I don't cook, but I do eat, and I enjoy reading about food from a cultural and social perspective. I liked the idea of this collection, but I hated the eponymous essay, which was depressing and made me feel like I'd gone to a party and wandered into someone's marriage counseling session instead of the kitchen. This book is a mixed bag. Some of the essays were compelling; others were entertaining. A few were even heartbreaking. But I was expecting more heart and less whining. More culture-clash an I don't cook, but I do eat, and I enjoy reading about food from a cultural and social perspective. I liked the idea of this collection, but I hated the eponymous essay, which was depressing and made me feel like I'd gone to a party and wandered into someone's marriage counseling session instead of the kitchen. This book is a mixed bag. Some of the essays were compelling; others were entertaining. A few were even heartbreaking. But I was expecting more heart and less whining. More culture-clash and less suburban mommy(and daddy)hood-meets-haute cuisine clash. And gracious, inclusion in this book almost seems to have required that the foodies in question be white, upper middle class, big-city-dwelling and ethnically homogenous. New York City and San Francisco, with a dash of LA and a soupçon of Austin, Texas for flavor, so how does a collection subtitled Food, Family and How We Eat not have anything written by Chinese-Americans or Mexican-Americans? No Indian food or Cuban cuisine? I'm Jewish, so I guess I appreciate that my heritage had some coverage, and Deesha Philyaw's "A Case for Soul Food" was evocative. But the book felt precious, and essay after essay on parental anxiety over children's eating habits failed to evoke much interest on my part. One third of the book was supposed to cover "Learning to Eat" but the essays in that section all seemed to be about parents learning how to chill out and not give in to their innate fears or those of their age and social cohorts. Meh. Still, "Lobster Lessons" was a standout, and I really enjoyed "May It Never Be the Last Brisket." I know I will remember the feeling of reading Iowan Sarah Shey's "An American Omelet in Brooklyn" for a long while. Indeed, the essays in the first part of the book, Food, were almost all excellent -- tasty hors d'oeuvres. The ones in the second part, Family, were mixed, like a dinner with great vegetables and an amazing salad dressing, but with overcooked meat or dry chicken. And the aforementioned third section on Learning to Eat yielded a dessert that was more lime Jello or digestive biscuits and less peanut butter cheesecake or creme brûlée. I guess that's the beauty of collected essays. Nibble what you like and leave the rest.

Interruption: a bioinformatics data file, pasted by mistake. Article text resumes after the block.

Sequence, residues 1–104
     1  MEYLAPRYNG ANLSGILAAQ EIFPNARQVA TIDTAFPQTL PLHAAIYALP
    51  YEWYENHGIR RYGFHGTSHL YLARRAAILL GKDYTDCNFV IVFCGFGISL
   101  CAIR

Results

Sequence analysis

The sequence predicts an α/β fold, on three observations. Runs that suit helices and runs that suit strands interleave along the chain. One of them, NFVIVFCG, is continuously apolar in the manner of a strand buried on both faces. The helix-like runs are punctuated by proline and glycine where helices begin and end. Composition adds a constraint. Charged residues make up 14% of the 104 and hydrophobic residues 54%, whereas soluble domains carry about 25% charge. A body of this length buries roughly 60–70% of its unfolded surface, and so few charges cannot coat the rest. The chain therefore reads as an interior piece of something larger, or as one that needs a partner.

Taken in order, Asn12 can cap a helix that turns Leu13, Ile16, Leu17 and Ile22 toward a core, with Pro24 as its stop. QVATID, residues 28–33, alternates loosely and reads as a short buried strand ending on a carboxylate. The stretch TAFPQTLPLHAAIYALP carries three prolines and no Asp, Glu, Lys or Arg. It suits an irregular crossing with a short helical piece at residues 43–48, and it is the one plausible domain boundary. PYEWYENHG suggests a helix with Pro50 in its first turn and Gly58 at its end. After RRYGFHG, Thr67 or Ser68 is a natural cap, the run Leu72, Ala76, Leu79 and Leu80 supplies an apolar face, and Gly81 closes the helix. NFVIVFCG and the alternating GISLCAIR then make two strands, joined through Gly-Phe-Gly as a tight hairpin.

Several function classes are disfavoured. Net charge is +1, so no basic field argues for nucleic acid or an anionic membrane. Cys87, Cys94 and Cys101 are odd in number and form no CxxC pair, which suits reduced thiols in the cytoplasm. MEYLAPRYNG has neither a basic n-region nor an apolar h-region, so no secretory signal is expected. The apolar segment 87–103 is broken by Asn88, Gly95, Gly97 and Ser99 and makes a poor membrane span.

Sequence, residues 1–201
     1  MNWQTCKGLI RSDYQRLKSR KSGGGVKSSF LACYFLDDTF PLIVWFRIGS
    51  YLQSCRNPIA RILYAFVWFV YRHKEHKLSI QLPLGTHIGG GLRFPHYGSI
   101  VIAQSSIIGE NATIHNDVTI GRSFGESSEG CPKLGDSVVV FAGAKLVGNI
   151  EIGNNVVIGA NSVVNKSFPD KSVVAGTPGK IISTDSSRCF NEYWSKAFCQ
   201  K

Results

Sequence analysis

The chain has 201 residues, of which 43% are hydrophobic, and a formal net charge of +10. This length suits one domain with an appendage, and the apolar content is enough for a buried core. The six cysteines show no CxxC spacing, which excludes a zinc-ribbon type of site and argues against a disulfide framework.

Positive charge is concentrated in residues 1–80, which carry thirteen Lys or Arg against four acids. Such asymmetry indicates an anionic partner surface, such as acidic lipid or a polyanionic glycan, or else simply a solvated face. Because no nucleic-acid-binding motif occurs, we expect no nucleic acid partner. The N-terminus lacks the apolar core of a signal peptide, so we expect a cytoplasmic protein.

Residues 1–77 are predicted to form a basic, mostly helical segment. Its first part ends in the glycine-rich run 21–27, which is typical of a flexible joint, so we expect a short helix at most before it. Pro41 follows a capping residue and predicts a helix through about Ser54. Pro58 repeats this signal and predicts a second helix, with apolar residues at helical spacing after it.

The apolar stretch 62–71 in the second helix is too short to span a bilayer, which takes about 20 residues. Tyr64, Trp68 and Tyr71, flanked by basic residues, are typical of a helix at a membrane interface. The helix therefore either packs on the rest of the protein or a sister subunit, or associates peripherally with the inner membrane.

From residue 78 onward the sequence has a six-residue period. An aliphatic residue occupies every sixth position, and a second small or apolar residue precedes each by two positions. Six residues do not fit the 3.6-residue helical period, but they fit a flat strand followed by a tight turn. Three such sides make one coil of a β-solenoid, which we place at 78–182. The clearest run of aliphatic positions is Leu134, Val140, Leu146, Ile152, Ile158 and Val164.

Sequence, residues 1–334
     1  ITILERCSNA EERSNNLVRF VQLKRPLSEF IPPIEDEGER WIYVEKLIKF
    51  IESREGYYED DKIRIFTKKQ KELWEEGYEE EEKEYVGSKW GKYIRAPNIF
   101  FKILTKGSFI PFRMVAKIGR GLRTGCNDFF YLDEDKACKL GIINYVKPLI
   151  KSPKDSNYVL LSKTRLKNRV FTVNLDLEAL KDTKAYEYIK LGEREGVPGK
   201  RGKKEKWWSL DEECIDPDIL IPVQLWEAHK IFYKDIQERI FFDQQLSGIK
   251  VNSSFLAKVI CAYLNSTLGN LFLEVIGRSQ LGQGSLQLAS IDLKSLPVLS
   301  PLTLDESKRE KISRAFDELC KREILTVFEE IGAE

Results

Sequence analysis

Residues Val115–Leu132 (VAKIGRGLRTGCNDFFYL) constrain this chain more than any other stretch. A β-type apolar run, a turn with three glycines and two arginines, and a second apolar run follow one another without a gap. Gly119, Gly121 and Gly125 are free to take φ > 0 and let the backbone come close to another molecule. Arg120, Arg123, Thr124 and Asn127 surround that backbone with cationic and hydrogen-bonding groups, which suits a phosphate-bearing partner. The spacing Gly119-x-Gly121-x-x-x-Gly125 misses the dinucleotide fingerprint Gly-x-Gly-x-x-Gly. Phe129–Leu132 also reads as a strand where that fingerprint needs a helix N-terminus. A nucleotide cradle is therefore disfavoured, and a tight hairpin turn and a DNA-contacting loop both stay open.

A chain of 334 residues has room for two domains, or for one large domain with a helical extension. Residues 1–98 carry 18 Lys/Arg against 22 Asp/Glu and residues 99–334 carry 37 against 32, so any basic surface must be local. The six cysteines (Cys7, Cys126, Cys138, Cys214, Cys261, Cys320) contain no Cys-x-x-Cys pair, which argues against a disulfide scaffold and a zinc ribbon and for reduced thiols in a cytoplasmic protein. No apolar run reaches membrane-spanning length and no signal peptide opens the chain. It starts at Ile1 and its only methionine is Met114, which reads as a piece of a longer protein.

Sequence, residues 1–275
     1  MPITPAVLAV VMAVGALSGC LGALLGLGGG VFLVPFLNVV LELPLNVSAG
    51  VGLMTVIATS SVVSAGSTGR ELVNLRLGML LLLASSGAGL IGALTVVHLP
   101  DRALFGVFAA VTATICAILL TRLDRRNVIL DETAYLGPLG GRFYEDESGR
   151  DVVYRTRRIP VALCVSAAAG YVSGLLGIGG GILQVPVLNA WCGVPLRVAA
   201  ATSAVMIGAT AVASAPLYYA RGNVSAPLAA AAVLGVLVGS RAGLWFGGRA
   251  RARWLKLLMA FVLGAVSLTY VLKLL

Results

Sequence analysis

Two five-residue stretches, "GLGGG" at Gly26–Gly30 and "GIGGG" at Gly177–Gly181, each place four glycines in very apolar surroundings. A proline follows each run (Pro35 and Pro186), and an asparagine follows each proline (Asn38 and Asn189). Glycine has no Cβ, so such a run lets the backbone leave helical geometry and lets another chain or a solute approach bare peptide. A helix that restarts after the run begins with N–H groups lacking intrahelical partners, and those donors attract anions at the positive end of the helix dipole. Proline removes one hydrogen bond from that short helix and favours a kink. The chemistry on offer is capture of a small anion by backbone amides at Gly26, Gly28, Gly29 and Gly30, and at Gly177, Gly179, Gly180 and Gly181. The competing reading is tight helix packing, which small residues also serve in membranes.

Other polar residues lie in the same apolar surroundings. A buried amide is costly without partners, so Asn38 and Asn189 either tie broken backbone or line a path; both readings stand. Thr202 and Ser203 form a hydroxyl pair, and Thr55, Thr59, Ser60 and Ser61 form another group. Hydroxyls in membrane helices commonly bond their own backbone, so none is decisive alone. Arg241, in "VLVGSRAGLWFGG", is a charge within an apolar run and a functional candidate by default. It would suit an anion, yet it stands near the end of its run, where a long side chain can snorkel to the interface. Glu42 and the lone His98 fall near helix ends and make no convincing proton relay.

11. 5 out of 5

    Tamsen